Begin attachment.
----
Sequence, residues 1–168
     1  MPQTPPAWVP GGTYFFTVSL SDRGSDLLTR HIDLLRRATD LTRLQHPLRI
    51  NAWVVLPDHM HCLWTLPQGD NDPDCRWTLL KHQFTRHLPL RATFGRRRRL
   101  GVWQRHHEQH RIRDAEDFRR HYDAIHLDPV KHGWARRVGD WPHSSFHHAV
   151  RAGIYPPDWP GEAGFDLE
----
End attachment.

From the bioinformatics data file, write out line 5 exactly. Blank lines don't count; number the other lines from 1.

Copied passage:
   151  RAGIYPPDWP GEAGFDLE